In Bosley Crowther’s review of Humoresque in the December 26, 1946, issue of the NY Times, he wrote, “The music, we must say, is splendid — and, if you will only shut your eyes so that you don’t have to watch Mr. Garfield leaning his soulful face against that violin or Miss Crawford violently emoting (‘She’s as complex as a Bach fugue,’ Oscar says), and if you will only shut your ears when folks are talking other such fatuous dialogue, provided by Zachary Gold and Clifford Odets, you may enjoy it very much.”

I love Crowther’s reviews. Maybe if I’d been around when he was writing them I would have resented the stranglehold he had on public perception, but in retrospect they’re fantastically entertaining. I liked Humoresque more than he did, but I don’t disagree with his assessment. One has to take into account his longstanding hatred of Joan Crawford, of course, but by the time the credits rolled I was more moved by the music than by any of the vacuous melodrama.

Stagecoach to Denver (Dec. 23, 1946)

Stagecoach to Denver, Allan Lane’s second outing as Fred Harman’s comic-strip cowboy Red Ryder, isn’t much different from his first. He’s a solid replacement for “Wild” Bill Elliott, but he lacks Elliott’s almost comical woodenness.

The one-hour oater takes place in a town called Elkhorn (which may or may not be in Colorado). As usual, Ryder and his aunt, the Duchess (Martha Wentworth), moved around plenty — most likely to keep the series’ titles fresh. This time around, the Duchess is running a stage line that serves all points south of Elkhorn, and her friend Big Bill Lambert (Roy Barcroft) is starting up a stage line that will serve all points north.

A little boy named Dickie (Bobby Hyatt), who has lost his parents, is getting shipped out to a relative he doesn’t know in Denver. This was the old days, when an orphan was simply told his parents “Went away on a long trip,” not that they were dead.

Dickie is caught up in the middle of nefarious doings when the sabotaged yoke of a stagecoach breaks, plunging him and the rest of the passengers into a ravine. The scheme was carried out to kill the land commissioner, who wouldn’t play ball with evil land baron Jasper Braydon (Wheaton Chambers).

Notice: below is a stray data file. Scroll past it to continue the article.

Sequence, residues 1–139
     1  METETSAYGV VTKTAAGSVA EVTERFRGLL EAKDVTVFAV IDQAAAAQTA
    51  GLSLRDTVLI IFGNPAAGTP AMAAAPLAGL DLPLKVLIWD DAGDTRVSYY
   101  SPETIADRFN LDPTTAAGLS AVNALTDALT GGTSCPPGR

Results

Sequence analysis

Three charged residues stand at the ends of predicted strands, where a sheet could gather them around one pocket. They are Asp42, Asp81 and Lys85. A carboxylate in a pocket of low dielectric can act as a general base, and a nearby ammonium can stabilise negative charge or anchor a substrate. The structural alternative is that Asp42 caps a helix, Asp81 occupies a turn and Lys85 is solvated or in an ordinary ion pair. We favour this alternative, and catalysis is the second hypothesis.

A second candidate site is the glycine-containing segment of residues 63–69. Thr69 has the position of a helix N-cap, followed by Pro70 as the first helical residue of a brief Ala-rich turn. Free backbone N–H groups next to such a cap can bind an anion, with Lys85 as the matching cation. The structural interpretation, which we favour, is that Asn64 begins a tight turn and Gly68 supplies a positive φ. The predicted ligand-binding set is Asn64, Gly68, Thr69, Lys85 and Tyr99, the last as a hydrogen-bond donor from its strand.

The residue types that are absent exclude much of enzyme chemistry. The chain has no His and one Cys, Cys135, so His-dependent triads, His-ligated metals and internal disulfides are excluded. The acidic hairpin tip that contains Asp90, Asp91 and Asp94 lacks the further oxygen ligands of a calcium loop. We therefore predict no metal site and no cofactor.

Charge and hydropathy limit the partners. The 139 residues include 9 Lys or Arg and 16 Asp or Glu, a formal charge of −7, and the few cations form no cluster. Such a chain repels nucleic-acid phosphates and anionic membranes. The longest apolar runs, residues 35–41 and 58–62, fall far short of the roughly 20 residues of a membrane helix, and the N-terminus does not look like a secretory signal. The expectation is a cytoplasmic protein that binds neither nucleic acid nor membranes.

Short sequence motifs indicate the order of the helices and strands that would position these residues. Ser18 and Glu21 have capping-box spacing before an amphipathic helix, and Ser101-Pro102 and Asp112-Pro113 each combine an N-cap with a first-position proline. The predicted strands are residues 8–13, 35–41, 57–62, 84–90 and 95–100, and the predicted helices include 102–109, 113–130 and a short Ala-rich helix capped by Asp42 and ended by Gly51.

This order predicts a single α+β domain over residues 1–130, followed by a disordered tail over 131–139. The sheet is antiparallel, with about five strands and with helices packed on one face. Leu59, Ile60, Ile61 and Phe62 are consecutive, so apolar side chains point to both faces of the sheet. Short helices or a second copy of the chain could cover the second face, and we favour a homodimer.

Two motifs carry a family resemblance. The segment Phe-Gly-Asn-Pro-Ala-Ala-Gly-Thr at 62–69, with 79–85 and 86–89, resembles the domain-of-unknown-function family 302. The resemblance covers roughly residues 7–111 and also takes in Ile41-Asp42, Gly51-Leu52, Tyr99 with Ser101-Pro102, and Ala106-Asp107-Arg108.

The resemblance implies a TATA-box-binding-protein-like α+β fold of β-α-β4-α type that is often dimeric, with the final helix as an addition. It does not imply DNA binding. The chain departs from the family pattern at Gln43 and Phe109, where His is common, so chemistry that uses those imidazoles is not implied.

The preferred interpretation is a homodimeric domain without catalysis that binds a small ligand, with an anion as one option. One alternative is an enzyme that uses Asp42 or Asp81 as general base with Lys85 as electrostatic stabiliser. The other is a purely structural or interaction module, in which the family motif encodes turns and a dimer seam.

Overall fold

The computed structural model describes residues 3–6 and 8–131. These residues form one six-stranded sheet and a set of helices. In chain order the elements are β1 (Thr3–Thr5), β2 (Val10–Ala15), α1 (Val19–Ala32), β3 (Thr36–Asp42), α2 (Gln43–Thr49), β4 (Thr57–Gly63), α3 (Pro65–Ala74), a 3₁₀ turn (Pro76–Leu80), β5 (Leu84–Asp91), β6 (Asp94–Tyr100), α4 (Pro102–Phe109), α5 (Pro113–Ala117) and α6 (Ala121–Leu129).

Everyone on the stage dies except for Dickie, who is paralyzed from the waist down. “Doc” Kimball (Tom Chatterton) tells Ryder that he needs permission from Dickie’s nearest living relative to perform an operation that could repair his spine, but that could also kill him.

The bad guys intercept the stage carrying Dickie’s Aunt May, bind and gag her in a cabin in the woods, and replace her with a beautiful ringer (Peggy Stewart).

The fake Aunt May gives her assent, but struggles with her decision. If the boy dies, she feels it will be her fault, and she wants out of the scheme.

Meanwhile, Braydon, the evil land boss, starts forcing folks off their land in a dramatic and harrowing montage of stock footage.

Will Dickie walk again? Will he get the pony Ryder and his Indian boy sidekick Little Beaver (Bobby Blake) promised him? Will the beautiful young woman masquerading as Aunt May have a change of heart and aid the good guys? Will Emmett Lynn provide his usual brand of cornpone comic relief, this time as a character named “Coonskin”? Will Big Bill Lambert turn out to be one of the bad guys and have a furniture-destroying fistfight with Red Ryder? You’ll just have to watch it and find out.

Stagecoach to Denver is directed by dependable Republic journeyman R.G. Springsteen with his usual blend of vigor and indifference.

Out California Way (Dec. 5, 1946)

In the grand tradition of singing cowboys, Monte Hale plays a character in Out California Way named “Monte Hale.”

Out California Way is filmed in “Trucolor,” a two-color film process owned by Republic Pictures, and throws Hale into a metafictional world that pulls back the curtain and allows boys and girls at the Saturday matinée to see what might be going on behind the scenes at Republic with all of their favorite cowboy stars.

Hale doesn’t sit quite as tall in the saddle as Republic’s big boys, Gene Autry and Roy Rogers, but he’s self-effacing and charming enough to be believable when he says he’s “just a plain cowboy trying to break in” to the movies.

He’s assisted by little Danny McCoy (Bobby Blake, famous for playing Little Beaver in the Red Ryder series), who’s trying to get his horse Pardner into the movies.